Passive Voice ›› Examples of Passive Voice


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More about Active vs Passive Voice ›› Examples ›› How to Change Passive to Active voice

I would like to start this article by telling you: the Passive Voice isn’t as difficult to use as you might think. I actually feel quite sorry for this poor structure as it is hated by so many learners.

All you need is a good command of the verb ’to be’ and to know your past participles to make beautifully elegant sentences using the Passive Structure.

When to use passive voice?

When it’s NOT important or unknown WHO has done something.

  • The pyramids were built thousands of years ago.
    Do we know who built them? Well, there must have been a lot of people working there.
  • This shirt was made in Italy.
    Do we know who made it? No. Somebody made it and now I can wear it.

If you would like to add WHO has done a certain thing – keeping in mind that it is still not the most important or emphasized part of your sentence -, you’ll have to use ‘by’:

  • They were built by slaves.


  • It was made by a young designer.

Sometimes we use it when wanting to sound diplomatic or to avoid taking responsibility for something:

Boss: Have you finished the report?

Me: No, it hasn’t been finished yet. (note: I didn’t say it was ME who hasn’t done it, so it’s not really my fault)

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Passive Voice Examples


Let’s look at the verb ’to be’ first- it can take many forms depending on the time aspect you want to express:

›› Present Simple: am / is / are

›› Present Continuous: am being / is being / are being

›› Present Perfect: has been / have been

›› Past Simple: was / were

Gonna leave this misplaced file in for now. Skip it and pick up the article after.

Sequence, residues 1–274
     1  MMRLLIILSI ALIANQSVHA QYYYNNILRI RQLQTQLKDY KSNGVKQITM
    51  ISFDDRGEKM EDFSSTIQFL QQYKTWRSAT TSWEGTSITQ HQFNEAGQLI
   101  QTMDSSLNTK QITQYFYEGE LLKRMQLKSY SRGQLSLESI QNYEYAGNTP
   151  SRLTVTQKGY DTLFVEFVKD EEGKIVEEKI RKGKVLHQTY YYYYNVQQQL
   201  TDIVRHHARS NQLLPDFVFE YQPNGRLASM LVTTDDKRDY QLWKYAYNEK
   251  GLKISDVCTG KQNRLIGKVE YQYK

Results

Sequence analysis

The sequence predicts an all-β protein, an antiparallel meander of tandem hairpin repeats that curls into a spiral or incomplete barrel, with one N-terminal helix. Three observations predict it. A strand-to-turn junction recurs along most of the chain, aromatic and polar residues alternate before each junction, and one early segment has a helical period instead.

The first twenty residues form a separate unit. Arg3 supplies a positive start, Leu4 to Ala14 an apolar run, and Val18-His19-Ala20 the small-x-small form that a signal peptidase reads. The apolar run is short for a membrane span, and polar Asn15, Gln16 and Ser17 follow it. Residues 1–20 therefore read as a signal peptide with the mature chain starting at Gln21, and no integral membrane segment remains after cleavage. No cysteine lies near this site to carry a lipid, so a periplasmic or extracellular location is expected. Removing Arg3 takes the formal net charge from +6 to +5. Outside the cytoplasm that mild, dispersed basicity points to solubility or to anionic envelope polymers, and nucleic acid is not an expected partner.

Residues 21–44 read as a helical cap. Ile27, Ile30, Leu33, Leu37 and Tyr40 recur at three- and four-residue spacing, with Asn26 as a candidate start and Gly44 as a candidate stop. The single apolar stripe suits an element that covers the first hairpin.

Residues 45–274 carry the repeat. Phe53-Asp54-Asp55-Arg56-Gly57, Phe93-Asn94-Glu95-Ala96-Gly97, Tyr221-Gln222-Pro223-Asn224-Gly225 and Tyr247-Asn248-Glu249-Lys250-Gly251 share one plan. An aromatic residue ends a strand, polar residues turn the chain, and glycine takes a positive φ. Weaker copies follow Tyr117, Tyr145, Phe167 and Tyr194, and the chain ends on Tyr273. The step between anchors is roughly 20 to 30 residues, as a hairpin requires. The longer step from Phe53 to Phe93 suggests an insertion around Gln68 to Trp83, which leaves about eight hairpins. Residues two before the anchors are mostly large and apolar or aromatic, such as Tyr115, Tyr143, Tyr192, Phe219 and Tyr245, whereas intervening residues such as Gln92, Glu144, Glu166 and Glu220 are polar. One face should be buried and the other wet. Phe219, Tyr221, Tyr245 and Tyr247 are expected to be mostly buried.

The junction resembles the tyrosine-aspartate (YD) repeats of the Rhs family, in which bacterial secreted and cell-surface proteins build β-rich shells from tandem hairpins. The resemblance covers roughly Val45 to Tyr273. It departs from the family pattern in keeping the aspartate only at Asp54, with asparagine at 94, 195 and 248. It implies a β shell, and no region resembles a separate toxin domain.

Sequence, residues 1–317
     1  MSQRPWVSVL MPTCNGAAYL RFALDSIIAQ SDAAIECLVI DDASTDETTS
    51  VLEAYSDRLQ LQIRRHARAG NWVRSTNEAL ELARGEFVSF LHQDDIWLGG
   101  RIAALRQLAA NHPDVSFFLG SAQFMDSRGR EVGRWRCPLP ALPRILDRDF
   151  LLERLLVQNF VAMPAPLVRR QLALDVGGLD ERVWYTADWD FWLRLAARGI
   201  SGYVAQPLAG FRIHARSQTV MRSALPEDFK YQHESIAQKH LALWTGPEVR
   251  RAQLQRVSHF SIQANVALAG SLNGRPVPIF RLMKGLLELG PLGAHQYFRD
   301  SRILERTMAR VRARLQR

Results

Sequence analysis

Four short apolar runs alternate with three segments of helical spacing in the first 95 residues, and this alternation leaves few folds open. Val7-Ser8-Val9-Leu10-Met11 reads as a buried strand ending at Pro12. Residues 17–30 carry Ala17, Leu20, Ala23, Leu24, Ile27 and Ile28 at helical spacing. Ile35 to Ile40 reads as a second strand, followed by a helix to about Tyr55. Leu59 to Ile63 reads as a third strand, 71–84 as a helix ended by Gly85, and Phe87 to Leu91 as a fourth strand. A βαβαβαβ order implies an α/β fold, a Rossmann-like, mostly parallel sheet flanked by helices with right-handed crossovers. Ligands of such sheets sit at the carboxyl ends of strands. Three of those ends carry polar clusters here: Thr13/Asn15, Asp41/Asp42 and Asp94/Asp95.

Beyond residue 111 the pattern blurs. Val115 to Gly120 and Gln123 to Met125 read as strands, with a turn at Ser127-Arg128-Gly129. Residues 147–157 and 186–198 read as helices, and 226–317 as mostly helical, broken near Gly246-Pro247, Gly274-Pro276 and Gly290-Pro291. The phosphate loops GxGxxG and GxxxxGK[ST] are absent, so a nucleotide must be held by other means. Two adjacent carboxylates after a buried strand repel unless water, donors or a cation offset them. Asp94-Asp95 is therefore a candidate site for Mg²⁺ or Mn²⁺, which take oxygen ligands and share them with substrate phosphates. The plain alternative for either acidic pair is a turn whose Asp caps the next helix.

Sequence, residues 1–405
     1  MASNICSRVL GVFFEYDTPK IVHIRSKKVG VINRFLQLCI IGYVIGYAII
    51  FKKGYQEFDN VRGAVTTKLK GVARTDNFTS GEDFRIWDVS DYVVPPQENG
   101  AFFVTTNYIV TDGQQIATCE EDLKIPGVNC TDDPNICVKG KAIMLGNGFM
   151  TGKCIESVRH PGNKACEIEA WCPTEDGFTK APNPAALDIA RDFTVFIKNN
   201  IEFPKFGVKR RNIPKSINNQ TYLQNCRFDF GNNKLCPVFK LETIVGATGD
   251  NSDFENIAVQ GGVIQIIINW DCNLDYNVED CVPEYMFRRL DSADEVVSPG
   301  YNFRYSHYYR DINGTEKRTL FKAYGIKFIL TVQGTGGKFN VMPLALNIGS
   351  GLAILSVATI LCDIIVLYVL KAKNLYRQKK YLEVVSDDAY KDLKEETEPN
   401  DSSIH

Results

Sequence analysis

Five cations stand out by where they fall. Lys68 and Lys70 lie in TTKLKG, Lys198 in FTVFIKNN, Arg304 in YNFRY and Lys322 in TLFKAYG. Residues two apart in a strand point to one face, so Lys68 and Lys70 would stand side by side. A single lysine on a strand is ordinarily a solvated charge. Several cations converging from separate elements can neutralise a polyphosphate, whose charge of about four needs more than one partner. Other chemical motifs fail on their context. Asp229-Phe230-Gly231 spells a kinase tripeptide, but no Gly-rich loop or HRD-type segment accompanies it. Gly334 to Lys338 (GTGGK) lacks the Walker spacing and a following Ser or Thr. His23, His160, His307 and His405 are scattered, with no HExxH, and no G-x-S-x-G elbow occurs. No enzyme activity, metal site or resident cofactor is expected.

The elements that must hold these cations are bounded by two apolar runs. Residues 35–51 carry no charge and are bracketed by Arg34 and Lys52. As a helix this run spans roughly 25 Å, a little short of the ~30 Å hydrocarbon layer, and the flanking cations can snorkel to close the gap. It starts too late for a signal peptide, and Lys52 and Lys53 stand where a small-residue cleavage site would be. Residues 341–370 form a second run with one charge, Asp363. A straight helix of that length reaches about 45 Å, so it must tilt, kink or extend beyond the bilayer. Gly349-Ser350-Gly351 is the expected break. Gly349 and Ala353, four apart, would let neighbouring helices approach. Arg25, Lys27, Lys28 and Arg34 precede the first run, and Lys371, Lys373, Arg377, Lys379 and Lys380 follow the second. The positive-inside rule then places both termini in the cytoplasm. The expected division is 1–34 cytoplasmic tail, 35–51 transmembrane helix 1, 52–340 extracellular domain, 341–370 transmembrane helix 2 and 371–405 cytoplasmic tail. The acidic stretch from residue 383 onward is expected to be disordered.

›› Past Continuous: was being / were being

›› Past Perfect: had been

›› ’going to’ Future: am going to be / is going to be / are going to be

›› Future Simple: will be

›› Future Perfect: will have been

›› With modals: can be / should be / must be etc.

This is followed by the 3rd form of a verb: the Past Participle.
For example, done / built / painted / directed.

Below you will see examples for each time aspect, together with their ‘active’ equivalents.

  • Passive voice: Millions of e-mails are sent every day. 
  • Active Voice: People (not important who) send millions of e-mails every day.
  • Passive voice: Hundreds of e-mails are being sent at this very moment.
  • Active Voice: People are sending hundreds of e-mails at this very moment.
  • Passive voice: The e-mail has been sent.
  • Active Voice: Somebody has sent the e-mail.
  • Passive voice: Ten years ago much fewer e-mails were sent than today.
  • Active Voice: Ten years ago people sent much fewer e-mails than today.
  • Passive voice: The e-mail was just being sent when you called.
  • Active Voice: Somebody was just sending the e-mail when you called.
  • Passive voice: The e-mail had been already sent by the time you called.
  • Active Voice: Somebody had already sent the e-mail by the time you called.
  • Passive voice: The e-mail is going to be sent tomorrow.
  • Active Voice: Somebody is going to send the e-mail tomorrow.
  • Passive voice: I think an e-mail will be sent to you.
  • Active Voice: I think somebody will send an e-mail to you.
  • Passive voice: The e-mail will have been sent by Friday.